© 2003 by Robert J Ray

The scene is the basic building block of the novel, but beginning writers often assign that role to the chapter. Their next step is to make an assumption that could mean trouble. The assumption goes something like this: “Okay. Since Ann Tyler wrote 20 chapters and made The Accidental Tourist, all I have to do to make a book is to write 20 chapters.”

The assumption, from the beginner’s point-of-view, is not illogical. When you open a book, there’s chapter one. You read on, there’s chapter two. The chapters are numbered in sequence, chapter one, chapter two, chapter three, to provide the reader with a sense of progression.

But–the chapter is not a basic building block for your novel. The chapter is a unit of division, a handy way to collect scenes, to group them together for a particular purpose in the story. Purpose, knowing what you’re doing, is the key to building solid chapters.

Because scenes contain drama, you know how important they are to the energy of your story. To build chapters, you have two choices:

  • use one scene as one chapter
  • combine scenes to make a chapter

The underlying assumption for the writer is to know what a scene is and how to write one. You can view this mix as a recipe for cooking up a chapter. Like a recipe, you change the ingredients to match your purpose and your needs for the novel. For example, if your story needs more drama, you add more scenes. If you’re coming off a dramatic moment, and there are some things left unexplained, things the reader really needs to know, then you slow down, changing the pace of your story while you take time to explain.

But even in a chapter where you’re slowing down, changing pace to explain things, you still want to build to a climax.


  • 1. To build a chapter, you knit together two or more scenes that have a common thrust.
  • 2. To build a chapter, you explore the motives of at least one major character.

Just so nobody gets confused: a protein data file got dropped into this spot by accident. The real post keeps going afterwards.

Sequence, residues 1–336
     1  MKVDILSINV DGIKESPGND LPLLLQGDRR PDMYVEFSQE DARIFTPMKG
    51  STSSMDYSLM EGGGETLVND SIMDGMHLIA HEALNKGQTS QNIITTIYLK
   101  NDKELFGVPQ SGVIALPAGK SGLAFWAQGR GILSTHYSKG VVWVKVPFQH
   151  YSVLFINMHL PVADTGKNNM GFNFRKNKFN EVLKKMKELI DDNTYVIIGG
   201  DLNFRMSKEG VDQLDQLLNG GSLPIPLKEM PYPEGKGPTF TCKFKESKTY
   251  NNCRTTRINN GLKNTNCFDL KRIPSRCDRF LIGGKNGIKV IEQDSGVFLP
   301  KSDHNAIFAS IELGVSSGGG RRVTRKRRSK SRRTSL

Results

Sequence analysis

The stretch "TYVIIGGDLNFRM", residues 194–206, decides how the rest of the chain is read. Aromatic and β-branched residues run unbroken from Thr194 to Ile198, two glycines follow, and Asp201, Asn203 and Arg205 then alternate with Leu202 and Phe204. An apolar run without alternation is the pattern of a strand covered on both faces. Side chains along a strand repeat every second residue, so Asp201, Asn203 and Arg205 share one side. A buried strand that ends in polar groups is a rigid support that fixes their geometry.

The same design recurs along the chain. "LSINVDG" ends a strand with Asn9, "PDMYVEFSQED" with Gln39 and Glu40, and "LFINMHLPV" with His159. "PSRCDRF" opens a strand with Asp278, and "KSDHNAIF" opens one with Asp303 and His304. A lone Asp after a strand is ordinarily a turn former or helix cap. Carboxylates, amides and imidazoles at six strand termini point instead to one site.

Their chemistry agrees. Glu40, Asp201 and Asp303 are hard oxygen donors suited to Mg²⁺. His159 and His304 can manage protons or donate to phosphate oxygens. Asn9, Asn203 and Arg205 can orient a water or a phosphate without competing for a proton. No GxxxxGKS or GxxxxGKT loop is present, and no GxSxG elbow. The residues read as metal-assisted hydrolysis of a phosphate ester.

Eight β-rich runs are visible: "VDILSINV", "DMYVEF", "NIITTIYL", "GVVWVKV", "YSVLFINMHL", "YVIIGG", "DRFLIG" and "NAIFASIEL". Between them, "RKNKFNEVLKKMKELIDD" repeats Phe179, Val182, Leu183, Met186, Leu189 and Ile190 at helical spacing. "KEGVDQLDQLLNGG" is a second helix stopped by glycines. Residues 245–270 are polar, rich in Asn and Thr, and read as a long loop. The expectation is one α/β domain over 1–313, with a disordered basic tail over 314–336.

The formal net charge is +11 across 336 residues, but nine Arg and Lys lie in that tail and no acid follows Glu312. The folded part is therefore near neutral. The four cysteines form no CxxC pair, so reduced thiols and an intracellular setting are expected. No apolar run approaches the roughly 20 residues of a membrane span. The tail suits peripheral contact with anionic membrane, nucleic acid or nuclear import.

• 3. To build a chapter, you focus on your climax, making sure that when you reach the high point, everything is in place for a big change. When you build a complex chapter, knitting scenes together, you open up some room for character development.

Cutting to the Next Scene

To move between scenes the writer has to understand the relationship between cutting and plot tracks or subplots. Cutting is a good technique for you to learn. Try it when you start building chapters.

Scenes and Chapters

You want to write scenes for your novel because they contain drama. Drama — often called entertainment — is what audiences pay for and you can tell from a read-through by your writing friends whether you’ve captured drama or not. If your scene is too short, your drama feels choked off. If your scene runs too long, the drama sags and your audience wanders out to the fridge for an egg-salad sandwich. Writing scenes trains you to compress and crystallize, good discipline for a writer. If you write scenes, and if you test them out on your friends, you’ll improve quickly.

The best way to write scenes — whether you’re just starting out or whether you’re an old pro — is to work in stages, from the sketch through the parts to make the whole. You start with a sketch of a scene, noting on a piece of paper the time and place, the temperature and season, the lighting, character, purpose, point of view, climax, and curtain line. The sketch gives you an outline of a scene, the bare bones. Knowing the climax of the scene (or of the chapter or of the book) enables you to write clear and hot and clean.


Some writers write one scene and call it a chapter. Others combine scenes to form complex chapters. To build a novel, you combine your scenes and your chapters into a structure, an organization of dramatic parts that delivers a moment of release and/or satisfaction and/or completion to the reader. The organizing structure of the novel is plot.